A judge has set a December trial for Alaska Fish and Game Commissioner Denby Lloyd, who is charged with driving under the influence and reckless endangerment.
Lloyd and his attorney, Louis James Menendez, appeared before District Judge Keith Levy on Monday, a day after Lloyd's arrest stemming from a traffic stop in downtown Juneau.
Lloyd, 55, was stopped for expired tags early Sunday but failed a field sobriety test administered after an officer saw "signs of possible intoxication," said Juneau Police Sgt. David Campbell. Lloyd took a breath test that registered 0.143 percent, he said.
Lloyd's vehicle was impounded, police said. The legal blood-alcohol limit is 0.08.
According to the officer's report, Lloyd acknowledged "consuming two glasses of table wine." The officer wrote Lloyd had "the odor of alcohol on his breath and person, bloodshot watery eyes and swayed balance." Lloyd's wife was with him in the vehicle.
The charges against Lloyd are both misdemeanors, according to the report.
Levy prohibited Lloyd from drinking alcohol while the case is pending but did not impose bail or set travel restrictions.
Lloyd, who arrived to court early in a suit jacket, tie and blue jeans, declined to comment. Menendez also said little to reporters.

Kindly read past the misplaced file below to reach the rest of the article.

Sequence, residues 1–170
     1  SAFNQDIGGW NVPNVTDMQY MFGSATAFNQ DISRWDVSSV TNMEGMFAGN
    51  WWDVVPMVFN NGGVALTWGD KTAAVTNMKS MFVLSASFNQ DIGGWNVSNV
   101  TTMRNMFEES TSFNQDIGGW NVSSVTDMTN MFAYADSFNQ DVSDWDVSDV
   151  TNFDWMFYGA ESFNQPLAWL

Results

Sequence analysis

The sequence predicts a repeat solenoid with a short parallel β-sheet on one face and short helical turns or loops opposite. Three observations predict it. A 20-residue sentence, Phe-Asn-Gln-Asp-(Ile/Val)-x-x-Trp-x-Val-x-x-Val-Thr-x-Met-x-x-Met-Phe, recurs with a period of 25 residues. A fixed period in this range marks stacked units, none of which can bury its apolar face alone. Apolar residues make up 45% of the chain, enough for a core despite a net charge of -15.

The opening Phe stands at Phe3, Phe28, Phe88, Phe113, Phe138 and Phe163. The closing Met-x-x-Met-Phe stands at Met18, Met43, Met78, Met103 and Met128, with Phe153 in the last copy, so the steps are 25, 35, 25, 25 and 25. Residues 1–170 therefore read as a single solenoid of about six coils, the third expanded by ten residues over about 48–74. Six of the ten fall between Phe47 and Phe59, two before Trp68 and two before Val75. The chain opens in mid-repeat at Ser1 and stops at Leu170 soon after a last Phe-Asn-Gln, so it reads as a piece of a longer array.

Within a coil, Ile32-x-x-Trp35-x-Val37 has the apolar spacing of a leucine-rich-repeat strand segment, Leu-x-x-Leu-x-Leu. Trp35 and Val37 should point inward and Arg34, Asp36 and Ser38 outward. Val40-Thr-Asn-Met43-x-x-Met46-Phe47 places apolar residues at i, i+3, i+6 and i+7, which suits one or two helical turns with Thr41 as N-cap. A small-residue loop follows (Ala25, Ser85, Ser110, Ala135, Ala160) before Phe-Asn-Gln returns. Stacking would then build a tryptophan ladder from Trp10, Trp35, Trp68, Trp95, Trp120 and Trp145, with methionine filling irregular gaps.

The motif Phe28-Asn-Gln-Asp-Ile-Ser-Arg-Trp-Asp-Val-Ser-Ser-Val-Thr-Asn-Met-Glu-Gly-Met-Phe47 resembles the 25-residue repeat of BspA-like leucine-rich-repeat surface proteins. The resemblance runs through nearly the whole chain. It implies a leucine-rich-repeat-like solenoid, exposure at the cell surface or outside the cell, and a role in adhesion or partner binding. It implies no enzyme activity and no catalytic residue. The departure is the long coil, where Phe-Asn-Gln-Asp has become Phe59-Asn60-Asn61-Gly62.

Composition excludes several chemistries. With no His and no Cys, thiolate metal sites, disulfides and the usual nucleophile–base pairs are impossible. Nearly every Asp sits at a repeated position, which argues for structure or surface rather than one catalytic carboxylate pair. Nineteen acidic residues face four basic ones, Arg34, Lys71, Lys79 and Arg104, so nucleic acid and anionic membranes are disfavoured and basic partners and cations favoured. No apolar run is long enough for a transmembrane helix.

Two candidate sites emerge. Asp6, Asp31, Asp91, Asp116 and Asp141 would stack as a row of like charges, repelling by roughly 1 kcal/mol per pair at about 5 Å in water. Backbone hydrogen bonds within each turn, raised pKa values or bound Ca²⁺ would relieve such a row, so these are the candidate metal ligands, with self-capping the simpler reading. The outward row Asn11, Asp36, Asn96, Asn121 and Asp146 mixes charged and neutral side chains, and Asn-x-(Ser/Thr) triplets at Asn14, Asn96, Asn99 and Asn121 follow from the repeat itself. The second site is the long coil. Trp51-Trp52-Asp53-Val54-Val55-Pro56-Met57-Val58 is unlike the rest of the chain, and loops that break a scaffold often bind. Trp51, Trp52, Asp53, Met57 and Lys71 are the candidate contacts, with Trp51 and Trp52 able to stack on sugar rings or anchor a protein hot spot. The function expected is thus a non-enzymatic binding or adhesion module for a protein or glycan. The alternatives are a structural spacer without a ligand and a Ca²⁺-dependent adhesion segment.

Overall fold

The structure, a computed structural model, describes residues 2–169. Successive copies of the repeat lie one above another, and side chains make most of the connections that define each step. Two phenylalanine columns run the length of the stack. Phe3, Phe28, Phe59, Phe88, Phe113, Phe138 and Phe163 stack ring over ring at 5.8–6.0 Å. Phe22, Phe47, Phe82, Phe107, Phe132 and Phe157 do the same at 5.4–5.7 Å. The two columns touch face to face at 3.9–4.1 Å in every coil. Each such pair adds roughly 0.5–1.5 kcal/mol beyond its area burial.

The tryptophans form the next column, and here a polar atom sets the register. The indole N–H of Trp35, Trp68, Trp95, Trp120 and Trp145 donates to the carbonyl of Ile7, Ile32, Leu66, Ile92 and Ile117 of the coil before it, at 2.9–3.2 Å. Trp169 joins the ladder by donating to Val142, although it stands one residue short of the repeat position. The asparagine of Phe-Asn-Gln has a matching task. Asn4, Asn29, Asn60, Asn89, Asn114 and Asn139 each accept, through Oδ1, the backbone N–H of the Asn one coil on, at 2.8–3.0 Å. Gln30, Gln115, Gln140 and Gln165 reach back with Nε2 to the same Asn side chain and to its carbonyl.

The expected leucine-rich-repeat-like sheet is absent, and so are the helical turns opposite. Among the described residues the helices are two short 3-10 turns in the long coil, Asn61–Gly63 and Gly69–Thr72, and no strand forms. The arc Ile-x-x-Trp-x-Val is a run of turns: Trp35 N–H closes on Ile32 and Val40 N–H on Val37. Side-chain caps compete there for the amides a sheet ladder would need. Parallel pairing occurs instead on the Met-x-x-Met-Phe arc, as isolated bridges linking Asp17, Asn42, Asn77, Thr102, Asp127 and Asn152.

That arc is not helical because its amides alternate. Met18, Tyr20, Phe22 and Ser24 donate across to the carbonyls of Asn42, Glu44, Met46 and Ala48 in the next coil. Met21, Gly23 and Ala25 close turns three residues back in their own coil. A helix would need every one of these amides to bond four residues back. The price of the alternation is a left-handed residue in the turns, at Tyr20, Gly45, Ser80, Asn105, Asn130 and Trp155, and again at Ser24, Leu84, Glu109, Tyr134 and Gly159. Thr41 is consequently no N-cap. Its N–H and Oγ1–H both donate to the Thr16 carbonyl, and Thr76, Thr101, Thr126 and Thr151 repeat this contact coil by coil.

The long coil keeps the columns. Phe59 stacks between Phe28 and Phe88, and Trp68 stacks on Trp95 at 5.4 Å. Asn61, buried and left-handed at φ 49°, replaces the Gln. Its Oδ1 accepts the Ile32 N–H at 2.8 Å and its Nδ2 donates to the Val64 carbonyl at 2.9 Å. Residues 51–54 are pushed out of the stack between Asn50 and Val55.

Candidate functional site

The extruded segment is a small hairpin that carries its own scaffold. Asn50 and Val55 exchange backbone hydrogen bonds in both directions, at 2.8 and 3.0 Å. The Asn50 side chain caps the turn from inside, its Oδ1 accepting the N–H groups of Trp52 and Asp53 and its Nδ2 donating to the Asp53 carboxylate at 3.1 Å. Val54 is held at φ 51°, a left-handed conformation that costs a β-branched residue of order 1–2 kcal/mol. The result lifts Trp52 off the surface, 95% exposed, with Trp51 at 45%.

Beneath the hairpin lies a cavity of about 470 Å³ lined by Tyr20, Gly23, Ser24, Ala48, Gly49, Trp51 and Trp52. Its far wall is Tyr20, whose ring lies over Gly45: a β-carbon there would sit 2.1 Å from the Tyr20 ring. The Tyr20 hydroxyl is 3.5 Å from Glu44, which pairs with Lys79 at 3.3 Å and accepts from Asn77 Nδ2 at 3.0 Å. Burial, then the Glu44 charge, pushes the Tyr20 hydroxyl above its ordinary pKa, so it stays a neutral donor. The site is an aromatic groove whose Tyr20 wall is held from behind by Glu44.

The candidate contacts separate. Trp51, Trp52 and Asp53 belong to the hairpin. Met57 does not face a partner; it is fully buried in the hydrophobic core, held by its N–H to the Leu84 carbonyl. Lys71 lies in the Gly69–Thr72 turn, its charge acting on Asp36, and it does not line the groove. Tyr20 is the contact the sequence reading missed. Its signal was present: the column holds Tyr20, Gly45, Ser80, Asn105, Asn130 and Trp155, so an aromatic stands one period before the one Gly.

Menendez requested the judge set the later trial date, citing timing of another case he's working on.
So far, Gov. Sean Parnell is standing behind Lloyd, who was appointed commissioner in 2007 by then-Gov. Sarah Palin and has had a decades-long career in research management.
Parnell noted in an interview with KINY radio Monday that Lloyd is presumed innocent until proven otherwise.
The governor said he would "take swift and appropriate action once the court system or due process reveals a little bit more, in terms of the facts, to me."
"Certainly I don't think that reflects well on an individual or an administration," Parnell said of the situation. He said he's taking it seriously but believes in the constitution and will "stand by it."